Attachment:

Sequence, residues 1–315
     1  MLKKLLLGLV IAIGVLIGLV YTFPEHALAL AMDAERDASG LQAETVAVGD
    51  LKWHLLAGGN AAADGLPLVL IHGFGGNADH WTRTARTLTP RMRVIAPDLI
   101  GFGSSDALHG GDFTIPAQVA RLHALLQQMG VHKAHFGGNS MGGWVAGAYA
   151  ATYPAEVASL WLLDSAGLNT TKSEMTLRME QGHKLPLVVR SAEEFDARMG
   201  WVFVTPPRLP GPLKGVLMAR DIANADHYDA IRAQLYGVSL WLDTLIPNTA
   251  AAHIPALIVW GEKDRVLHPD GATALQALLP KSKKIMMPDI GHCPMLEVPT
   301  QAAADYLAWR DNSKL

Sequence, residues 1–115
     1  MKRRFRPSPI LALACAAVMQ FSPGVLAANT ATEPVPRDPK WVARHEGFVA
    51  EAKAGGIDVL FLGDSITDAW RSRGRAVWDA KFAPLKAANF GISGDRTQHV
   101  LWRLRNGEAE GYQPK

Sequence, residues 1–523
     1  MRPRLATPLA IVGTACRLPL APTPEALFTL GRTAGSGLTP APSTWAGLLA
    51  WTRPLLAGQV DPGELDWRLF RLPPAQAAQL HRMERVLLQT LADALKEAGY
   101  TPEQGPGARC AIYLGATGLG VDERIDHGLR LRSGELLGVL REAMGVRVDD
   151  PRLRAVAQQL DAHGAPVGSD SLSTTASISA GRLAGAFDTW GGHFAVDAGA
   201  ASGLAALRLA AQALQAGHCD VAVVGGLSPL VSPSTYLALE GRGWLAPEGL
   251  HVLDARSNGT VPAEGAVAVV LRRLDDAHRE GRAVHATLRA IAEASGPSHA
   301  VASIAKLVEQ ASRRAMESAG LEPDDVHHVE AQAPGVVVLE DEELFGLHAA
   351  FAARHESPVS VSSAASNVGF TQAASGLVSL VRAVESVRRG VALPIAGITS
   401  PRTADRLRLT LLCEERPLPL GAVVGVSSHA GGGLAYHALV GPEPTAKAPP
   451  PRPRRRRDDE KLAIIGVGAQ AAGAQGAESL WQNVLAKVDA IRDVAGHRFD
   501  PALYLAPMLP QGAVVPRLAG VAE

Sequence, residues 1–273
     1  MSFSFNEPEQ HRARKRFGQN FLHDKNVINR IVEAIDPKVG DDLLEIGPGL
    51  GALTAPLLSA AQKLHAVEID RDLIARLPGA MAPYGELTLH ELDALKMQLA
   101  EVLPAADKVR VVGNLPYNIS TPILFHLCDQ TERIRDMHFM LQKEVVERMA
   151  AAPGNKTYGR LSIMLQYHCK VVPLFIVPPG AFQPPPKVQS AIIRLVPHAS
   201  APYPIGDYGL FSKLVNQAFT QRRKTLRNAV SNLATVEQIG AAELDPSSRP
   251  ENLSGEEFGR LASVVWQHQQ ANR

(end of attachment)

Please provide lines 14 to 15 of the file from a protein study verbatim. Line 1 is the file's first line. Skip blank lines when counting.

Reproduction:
     1  MRPRLATPLA IVGTACRLPL APTPEALFTL GRTAGSGLTP APSTWAGLLA
    51  WTRPLLAGQV DPGELDWRLF RLPPAQAAQL HRMERVLLQT LADALKEAGY